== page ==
The causes of chronic disease in Bangladesh include distinctive social, environmental, and behavioural factors. For example, Bangladesh has one of the world's worst environmental and lifestyle risk profiles, characterised by:

Severe water and air pollution: According to the World Health Organisation (WHO), arsenic-contaminated water in Bangladesh, which affects ~100M people, is "the largest mass poisoning of a human population in history". A 2016 WHO report on ambient air pollution judged Bangladesh to be the fourth worst polluted country worldwide.

Nutritional disorders: Deficiencies of elements (such as iron) required for normal growth and development are widespread. An evolving and complex background of persisting undernutrition and emerging obesity also increase disease risks.

Risk behaviours: "Western" lifestyles (eg, unhealthy diets, physical inactivity) are increasing, and may amplify adverse effects of traditional risk behaviours, augmenting disease risk.

These social, environmental, and behavioural risk factors tend to cluster in households, share antecedents and causes, amplify each other's effects, and depend on one another in complex (and non-obvious) ways. Importantly, they can also exert importantly different effects in differing contexts such as across rural, urban, and slum settings. Hence, approaches that could tackle such chronic disease risk factors in combination rather than in isolation are likely to be more powerful, as well as approaches that can take account of the context in which they occur.

Yet, Bangladesh's research infrastructure is not configured to evaluate the country's multiple risks and multiple settings, perhaps preventing the emergence of evidence that could suggest "joined up" solutions. Our proposal aims to address this grand challenge.

We will mobilise a multidisciplinary team of about 25 leading investigators from seven organisations in Bangladesh and the UK that have a substantial track-record of working together. We will adopt a wide-angle approach, focusing on intertwined risk factors for chronic disease that have not previously been considered in an integrated framework. The plan offers a fundamentally new approach to address this problem because it combines four innovative and inter-linked components:

1) Creation of a 100,000-participant study ("cohort") in urban, rural, and slum areas to enable study of the social, environmental, and behavioural risk factors for chronic diseases.

2) Conduct of cross-disciplinary research projects that will use the new cohort help understand the interplay of risk factors, and how to combat them, drawing on the complementary strengths of sociologists, engineers, behavioural scientists, chemists, biostatisticians, public health scientists and others.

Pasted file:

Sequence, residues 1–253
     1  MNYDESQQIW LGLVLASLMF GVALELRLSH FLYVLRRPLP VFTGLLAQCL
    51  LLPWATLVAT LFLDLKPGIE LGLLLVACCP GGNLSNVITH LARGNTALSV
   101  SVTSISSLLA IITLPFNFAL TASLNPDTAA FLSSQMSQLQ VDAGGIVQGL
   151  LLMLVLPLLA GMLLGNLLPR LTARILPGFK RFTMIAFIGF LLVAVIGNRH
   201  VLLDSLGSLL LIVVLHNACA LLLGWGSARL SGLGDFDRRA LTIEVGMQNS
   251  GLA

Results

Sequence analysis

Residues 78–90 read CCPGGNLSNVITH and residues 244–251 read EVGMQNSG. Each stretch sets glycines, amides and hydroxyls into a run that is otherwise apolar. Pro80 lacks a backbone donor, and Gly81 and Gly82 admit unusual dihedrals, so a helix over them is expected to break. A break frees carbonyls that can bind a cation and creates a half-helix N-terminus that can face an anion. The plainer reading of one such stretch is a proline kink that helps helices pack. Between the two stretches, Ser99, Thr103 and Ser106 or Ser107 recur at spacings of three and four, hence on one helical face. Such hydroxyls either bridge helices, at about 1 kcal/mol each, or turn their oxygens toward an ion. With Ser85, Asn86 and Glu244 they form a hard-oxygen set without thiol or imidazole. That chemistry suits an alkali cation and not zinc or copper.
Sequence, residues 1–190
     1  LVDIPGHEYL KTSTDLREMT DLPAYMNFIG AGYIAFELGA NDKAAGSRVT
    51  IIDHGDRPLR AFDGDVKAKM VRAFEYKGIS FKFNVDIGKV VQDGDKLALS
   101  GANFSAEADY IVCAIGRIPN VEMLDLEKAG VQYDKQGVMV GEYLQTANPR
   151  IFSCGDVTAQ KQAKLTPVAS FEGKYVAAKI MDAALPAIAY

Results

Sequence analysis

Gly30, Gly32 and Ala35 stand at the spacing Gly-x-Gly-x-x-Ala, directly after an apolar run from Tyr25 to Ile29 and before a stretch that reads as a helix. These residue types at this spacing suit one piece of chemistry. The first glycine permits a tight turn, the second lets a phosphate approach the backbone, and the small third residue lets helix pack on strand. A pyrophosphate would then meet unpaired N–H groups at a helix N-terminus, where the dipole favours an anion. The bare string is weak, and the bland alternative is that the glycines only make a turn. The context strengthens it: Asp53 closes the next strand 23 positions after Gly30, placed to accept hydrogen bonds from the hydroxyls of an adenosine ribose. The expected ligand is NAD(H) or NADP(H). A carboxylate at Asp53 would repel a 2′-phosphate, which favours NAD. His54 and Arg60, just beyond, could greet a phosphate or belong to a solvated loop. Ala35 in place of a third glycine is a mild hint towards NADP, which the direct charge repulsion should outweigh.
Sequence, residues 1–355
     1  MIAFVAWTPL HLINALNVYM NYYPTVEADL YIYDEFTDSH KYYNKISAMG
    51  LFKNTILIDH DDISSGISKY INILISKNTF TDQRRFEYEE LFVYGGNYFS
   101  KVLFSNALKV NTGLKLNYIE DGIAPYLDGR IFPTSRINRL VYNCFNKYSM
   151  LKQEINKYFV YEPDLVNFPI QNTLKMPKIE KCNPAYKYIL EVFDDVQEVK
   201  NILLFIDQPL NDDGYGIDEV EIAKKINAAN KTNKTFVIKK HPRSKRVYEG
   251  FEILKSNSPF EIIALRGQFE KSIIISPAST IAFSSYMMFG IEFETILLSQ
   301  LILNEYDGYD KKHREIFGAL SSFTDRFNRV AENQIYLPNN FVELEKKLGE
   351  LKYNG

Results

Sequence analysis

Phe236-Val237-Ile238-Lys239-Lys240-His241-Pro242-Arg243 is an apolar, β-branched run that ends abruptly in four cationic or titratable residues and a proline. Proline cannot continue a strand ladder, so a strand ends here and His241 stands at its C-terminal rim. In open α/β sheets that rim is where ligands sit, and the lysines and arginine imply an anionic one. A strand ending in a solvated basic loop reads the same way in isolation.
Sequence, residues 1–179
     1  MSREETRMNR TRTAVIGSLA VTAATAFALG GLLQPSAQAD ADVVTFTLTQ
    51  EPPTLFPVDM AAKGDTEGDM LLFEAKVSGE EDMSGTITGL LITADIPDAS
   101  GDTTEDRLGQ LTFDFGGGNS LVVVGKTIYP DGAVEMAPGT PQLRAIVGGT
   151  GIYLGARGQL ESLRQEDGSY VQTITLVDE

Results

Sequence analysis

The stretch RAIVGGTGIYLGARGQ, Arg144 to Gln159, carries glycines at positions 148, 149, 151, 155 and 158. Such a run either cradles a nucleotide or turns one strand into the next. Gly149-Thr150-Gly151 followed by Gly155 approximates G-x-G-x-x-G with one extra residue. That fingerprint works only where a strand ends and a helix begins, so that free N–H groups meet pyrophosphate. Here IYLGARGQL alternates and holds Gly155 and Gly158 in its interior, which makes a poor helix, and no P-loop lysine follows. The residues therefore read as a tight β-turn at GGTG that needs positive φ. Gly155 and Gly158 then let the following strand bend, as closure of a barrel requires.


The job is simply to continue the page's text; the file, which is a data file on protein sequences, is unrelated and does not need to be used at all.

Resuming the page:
3) Delivery of an integrated programme of research capacity strengthening that targets three inter-linked levels of activity: individual, organisational, and institutional.

4) Mobilisation and deepening of partnerships between Bangladesh and UK centres of excellence.

Planned Impact

IMPACT SUMMARIES

The ultimate desired impact of this initiative is a real-word sustainable gain in health (eg, material reduction in disability and/or prolongation of life), leading to improvements in human welfare and economic advancement in Bangladesh.

We acknowledge that such an impact is unrealistic within a 4 year grant period, especially since the funding call requests "feasibility, scoping, exploratory, proof of concept studies" (rather than fullscale implementation trials).

Hence, key "intermediate" impacts to be achieved in the grant period through routes described in the Pathways to Impact statement include:

1) Systematic review, systems modelling, and proof of concept studies of several practicable, scalable and effective interventions that can help protect against NCDs, and understanding of their inter-dependencies, setting the stage for definitive separately-funded studies of interventions

Research findings from this project will be relevant to many aspects of the social, physical, and economic environment
We will contribute to the evidence in these areas and directly influence practice and policies at local, regional, national and international levels

2) A novel partnership between key Bangladeshi and UK organisations that will promote enduring relationships based on shared values and a common research agenda

Policy makers will benefit directly from the results of modelling and through using the models to consider different policy scenarios and assess proposed changes. The models will improve the ability to predict likely effects of interventions before deciding how to invest resources in real interventions, a major benefit for Bangladesh's resource-constrained authorities
We recognise that impact is a 2-way process, with our research priorities shaped by policy and public health needs, encouraging us to pursue a partnership approach, co-producing tools and publications and working closely with policymakers and public health practitioners.